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Mum of deaf, mute, blind and autistic woman offered Carer's Allowance of just €4.50 per week

Care for woman would cost the State up to €1,500 per week if she was in residential care

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The matter was raised by Sinn Féin TD Pat Buckley of Cork East during Topical Questions/Issues on Wednesday evening.

Pat Buckley TD, Sinn Féin, Cork East

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An east Cork mother of a severely disabled adult daughter was offered a Carer’s Allowance weekly payment of €4.50 following an assessment by the State, her local Sinn Féin TD Pat Buckley told the Dáil this week.

The woman, whom he identified as Margaret, had a partner living in her house but he only contributed towards the daily bills rather than the care costs for Margaret’s 36-year-old daughter, a woman who is deaf and mute as well as being registered blind and autistic.

According to Deputy Buckley, Margaret’s daughter is the only person in Ireland to be registered as a sufferer of Fraser Syndrom, an extremely rare illness. Margaret wrote to Deputy Buckley recently to explain her situation.

"She explains how she does the hardest job in the world rearing her disabled daughter, which is extremely demanding and a thankless job. Her day starts at 5.30 a.m., showering dressing, brushing her daughter's hair and tying her shoes.

"Margaret's daughter is 36 years and she has spent those 36 years as her sole carer. Margaret fractured her pelvis in 2016 and had to give up work.

“She ended up riding a bike for a year so that she could take her daughter on her very important routine daily walks. In February, Margaret had an operation but had to discharge herself the same day to care for her daughter.

"If her daughter was in residential care, it would cost the State around €1,000 to €1,500 a week to care for her.”

Deputy Buckley told his Dáil colleagues that the State offered just €4.50 per week following a means test of Margaret.

“Margaret wrote that she actually thought she was a good mother but the State had made her feel worthless.

"She says it is an insult to her and to others who give up their lives and freedom to look after their disabled children.”

The TD explained that Margaret and her partner or ex partner ‘were living two separate lives’ but were being means as if they were together.

"That means that poor mother has literally nothing. Her sole job is to care for her daughter,” he said. “To get that news from the Department would break your soul.”

“I know the woman personally. I see her anytime, and it does not matter what time of year it is, she has to take her daughter out for a walk. It is one of the simplest things.

"She feels so worthless. She said she did not want to come to me and she did not want to complain but it was such a measly amount.

"She tried to explain to the Department that the husband, or ex-husband, despite being at the same address, only supports the daily household bills.

“That lady does not have the opportunity to earn money.

"She is entitled to a Carer's Allowance, but because it is means tested including the husband's income, the State has decided to give her €4.50.”

The TD said that the letter Margaret received informing her of the amount of the Carer’s Allowance she would received contained no information as getting an inspector to come to her home to do a proper assessment.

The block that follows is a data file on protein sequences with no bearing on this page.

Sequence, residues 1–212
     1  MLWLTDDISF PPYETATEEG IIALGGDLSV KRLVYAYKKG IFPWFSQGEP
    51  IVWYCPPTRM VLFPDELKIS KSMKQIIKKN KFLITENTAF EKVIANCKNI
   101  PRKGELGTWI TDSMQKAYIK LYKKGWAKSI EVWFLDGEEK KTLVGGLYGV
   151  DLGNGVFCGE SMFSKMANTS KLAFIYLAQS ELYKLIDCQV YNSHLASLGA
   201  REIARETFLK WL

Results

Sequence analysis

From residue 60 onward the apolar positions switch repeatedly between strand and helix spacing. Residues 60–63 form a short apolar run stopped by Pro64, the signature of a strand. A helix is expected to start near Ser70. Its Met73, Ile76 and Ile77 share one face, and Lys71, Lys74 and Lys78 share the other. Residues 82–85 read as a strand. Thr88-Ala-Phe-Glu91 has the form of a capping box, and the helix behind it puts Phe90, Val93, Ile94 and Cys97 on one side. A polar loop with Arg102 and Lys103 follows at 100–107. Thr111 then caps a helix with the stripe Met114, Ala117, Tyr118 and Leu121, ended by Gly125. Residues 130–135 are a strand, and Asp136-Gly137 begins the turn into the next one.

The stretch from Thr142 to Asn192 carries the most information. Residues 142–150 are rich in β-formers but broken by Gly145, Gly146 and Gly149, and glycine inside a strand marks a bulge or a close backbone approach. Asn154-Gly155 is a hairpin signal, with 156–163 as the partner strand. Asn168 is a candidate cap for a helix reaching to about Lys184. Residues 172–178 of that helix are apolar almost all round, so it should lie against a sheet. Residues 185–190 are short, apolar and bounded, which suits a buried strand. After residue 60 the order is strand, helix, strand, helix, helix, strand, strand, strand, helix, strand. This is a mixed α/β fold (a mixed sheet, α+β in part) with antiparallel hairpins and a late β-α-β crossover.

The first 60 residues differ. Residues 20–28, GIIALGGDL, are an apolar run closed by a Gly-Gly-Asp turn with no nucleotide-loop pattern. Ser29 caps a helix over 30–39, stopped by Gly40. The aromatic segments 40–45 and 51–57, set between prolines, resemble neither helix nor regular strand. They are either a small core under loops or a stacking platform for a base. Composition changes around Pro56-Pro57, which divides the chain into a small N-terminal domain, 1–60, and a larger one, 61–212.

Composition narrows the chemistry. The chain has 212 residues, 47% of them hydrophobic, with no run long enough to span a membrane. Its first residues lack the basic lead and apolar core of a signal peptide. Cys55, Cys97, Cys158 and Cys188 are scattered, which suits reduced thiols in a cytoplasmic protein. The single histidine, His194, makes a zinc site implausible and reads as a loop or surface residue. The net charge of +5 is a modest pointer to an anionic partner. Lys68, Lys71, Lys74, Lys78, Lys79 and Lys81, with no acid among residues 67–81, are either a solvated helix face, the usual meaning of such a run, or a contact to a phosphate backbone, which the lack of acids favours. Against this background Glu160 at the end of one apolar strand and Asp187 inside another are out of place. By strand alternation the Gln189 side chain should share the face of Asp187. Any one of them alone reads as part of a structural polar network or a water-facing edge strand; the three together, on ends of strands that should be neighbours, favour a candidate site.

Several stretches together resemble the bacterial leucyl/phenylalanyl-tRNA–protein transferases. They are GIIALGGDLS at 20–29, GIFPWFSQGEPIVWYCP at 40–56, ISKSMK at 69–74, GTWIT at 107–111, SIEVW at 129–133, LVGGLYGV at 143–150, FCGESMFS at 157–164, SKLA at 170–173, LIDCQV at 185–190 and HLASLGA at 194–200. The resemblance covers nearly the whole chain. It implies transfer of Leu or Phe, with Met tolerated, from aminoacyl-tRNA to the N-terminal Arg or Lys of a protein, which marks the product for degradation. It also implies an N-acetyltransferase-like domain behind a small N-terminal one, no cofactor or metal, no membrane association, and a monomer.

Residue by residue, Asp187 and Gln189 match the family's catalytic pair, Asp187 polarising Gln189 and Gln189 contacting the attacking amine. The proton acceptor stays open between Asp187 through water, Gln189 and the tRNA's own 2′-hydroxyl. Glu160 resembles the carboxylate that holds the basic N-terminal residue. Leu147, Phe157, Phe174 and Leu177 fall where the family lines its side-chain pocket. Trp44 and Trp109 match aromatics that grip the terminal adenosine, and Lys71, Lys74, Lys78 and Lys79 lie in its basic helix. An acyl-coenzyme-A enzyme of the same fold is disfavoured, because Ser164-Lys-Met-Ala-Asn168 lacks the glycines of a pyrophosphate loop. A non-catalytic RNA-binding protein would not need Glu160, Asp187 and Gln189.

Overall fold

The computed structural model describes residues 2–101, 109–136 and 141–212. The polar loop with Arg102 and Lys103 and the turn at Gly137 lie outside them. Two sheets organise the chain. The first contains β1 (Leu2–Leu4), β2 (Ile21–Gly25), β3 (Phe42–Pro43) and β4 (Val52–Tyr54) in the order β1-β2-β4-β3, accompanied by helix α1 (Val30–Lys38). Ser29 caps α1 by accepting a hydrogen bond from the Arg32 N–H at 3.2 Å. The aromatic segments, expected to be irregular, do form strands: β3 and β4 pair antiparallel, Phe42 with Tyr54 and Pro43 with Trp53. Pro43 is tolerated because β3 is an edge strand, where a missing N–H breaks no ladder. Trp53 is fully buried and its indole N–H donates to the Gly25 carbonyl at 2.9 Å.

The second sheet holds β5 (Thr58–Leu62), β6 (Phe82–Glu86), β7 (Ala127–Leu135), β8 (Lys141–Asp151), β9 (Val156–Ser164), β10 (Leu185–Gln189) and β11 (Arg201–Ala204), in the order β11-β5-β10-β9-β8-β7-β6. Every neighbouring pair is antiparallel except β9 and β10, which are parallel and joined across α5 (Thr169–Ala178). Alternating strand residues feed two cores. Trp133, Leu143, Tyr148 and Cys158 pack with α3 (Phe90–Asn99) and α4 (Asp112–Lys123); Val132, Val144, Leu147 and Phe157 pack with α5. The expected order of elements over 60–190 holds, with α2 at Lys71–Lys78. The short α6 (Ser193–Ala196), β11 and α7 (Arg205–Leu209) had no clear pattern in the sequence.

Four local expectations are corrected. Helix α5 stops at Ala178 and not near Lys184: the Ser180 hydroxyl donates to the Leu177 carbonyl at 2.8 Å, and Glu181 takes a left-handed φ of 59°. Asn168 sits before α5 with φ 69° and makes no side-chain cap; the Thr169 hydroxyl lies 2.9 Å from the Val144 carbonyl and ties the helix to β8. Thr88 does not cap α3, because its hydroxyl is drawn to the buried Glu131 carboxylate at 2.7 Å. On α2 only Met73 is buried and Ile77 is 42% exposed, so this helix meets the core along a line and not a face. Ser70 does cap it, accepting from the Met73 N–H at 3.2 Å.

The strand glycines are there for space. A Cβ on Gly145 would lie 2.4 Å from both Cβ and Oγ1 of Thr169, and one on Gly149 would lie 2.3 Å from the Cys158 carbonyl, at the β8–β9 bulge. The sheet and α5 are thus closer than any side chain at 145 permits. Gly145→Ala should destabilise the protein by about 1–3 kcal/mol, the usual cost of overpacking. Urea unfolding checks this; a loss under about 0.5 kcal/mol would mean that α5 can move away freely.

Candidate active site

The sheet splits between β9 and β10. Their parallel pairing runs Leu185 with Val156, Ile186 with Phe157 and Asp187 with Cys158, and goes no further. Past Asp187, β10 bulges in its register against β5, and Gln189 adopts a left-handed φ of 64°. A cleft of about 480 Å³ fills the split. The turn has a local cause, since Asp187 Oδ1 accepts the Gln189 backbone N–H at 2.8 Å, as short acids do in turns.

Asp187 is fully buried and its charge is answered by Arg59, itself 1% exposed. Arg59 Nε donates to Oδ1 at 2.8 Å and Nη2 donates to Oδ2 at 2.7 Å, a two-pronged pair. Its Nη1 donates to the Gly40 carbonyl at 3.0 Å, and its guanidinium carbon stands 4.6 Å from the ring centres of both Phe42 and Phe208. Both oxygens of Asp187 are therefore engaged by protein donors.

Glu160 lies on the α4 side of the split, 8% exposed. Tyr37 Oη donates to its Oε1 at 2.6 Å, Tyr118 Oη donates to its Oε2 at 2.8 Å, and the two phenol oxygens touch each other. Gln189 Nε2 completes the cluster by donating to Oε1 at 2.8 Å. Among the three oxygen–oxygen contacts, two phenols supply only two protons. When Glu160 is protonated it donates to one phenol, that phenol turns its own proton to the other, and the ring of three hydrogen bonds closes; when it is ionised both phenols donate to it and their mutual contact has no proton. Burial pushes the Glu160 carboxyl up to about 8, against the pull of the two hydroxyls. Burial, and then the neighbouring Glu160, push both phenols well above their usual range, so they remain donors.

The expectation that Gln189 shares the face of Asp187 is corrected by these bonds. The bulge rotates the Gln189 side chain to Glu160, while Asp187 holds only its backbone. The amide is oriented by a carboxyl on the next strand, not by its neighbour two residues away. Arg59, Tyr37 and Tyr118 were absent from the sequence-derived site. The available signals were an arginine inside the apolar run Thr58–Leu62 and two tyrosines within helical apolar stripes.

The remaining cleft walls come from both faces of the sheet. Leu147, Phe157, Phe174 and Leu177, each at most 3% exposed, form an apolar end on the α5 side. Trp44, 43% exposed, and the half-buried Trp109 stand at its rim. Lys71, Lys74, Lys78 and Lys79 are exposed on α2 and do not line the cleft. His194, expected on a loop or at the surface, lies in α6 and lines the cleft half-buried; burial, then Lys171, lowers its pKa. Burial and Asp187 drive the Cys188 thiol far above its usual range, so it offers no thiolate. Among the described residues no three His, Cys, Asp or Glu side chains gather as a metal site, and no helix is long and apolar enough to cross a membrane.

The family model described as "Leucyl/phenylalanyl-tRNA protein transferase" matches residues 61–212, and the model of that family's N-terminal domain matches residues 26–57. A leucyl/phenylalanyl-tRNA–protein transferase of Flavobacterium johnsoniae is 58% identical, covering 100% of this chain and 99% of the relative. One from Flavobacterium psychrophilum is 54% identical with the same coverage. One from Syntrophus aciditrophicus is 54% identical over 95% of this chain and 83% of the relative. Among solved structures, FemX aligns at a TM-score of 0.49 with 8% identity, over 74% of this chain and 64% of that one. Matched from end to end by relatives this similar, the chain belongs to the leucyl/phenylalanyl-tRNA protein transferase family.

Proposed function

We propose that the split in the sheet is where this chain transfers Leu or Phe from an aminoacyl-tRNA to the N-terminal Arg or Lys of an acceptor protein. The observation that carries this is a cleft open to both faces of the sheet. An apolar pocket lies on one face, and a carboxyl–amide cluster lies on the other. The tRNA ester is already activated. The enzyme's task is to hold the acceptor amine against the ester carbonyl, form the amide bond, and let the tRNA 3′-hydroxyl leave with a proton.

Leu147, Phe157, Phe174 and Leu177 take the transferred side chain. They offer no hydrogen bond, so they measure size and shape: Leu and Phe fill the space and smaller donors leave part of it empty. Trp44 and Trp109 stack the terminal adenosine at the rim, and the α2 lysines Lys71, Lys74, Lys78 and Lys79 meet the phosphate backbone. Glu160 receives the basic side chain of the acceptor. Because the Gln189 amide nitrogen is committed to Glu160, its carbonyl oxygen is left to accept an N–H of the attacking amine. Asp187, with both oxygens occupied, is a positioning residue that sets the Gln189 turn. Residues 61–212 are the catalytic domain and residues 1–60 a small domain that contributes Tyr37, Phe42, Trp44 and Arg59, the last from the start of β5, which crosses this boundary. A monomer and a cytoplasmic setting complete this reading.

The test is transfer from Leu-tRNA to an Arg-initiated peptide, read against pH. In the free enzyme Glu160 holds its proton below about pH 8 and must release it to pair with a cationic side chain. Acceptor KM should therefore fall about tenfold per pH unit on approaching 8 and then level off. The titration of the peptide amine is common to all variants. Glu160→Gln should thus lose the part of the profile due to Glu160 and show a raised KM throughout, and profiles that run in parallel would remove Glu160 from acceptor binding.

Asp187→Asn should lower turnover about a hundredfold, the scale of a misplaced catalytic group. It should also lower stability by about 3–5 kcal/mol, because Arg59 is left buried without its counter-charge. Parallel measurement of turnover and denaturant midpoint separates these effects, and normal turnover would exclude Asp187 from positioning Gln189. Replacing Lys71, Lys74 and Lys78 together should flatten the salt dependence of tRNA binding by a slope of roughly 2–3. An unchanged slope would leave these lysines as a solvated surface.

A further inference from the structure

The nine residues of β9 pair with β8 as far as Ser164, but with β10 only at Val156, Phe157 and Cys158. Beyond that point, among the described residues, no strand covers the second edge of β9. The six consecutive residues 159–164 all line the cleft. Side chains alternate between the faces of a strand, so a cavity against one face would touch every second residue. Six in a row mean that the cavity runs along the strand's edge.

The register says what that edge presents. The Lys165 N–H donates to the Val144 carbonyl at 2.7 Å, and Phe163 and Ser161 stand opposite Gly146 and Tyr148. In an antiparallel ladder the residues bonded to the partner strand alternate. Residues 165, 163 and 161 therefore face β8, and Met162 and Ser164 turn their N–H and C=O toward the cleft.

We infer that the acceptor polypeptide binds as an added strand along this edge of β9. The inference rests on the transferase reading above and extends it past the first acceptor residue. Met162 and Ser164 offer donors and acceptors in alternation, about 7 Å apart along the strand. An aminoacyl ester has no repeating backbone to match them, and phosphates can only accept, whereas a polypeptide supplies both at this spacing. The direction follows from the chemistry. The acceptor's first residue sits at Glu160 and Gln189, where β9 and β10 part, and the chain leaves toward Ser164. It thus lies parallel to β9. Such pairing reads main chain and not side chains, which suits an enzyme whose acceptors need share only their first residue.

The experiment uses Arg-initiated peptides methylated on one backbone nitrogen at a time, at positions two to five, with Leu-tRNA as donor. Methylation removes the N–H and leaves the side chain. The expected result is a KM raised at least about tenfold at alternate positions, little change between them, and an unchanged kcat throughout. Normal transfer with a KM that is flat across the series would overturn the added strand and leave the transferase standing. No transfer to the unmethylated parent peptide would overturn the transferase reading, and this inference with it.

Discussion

Pat Buckley TD, Sinn Féin, Cork East

"There has to be a mechanism where a person can, first of all, talk to a human being in any Department, where he or she has an opportunity to come in front of a board or somebody to explain his or her real-life story, to prove it, and to ask that it be looked on with empathy in order that the assessor can see he or she did not realise the situation.

“That happens. My biggest problem is that I raised it with the Minister directly and I have not had any response – I am very disappointed with that – and I have nowhere for this woman to turn to fight her case for herself and her child.

"That is why I raise it tonight. I do not expect a magic answer from the Minister of State tonight, but at least once it is on the record we can come back and revisit it.”

Malcolm Noonan, the Minister of State at the Department of Housing, Local Government and Heritage, responded to the story told by Deputy Buckley and described Margaret’s situation as “very challenging”. He said however that, on June 2, a total of €262 million was paid to 121,000 Carer’s Allowance recipients.

"I know these statistics are of no use to the mother the Deputy mentioned,” said Minister Noonan, who pledged to bring the matter to the attention of the responsible minister.

Deputy Buckley responded to Minister Noonan and said that there was an avenue of hope in that the Department did provide a social welfare inspector.

”When the information comes back from the Department, it outlines the deadline for appeal but does not state that the person has opportunities if his or her circumstances are different. I welcome that. I got more than I expected because, I suppose, I am a realist.

"This woman wanted to stand up because she suspected that there were other affected parents around the country.

“She told me that at her age, she should not be worrying about it but that a measly bloody €4.50 a week was an absolute insult. She asked how many more people this was happening to and said she wanted to stand up and fight, not only for her child but also for other families to set a precedent.

"At least I can ring that woman tomorrow and say we can possibly set up a meeting with the social welfare inspector.”


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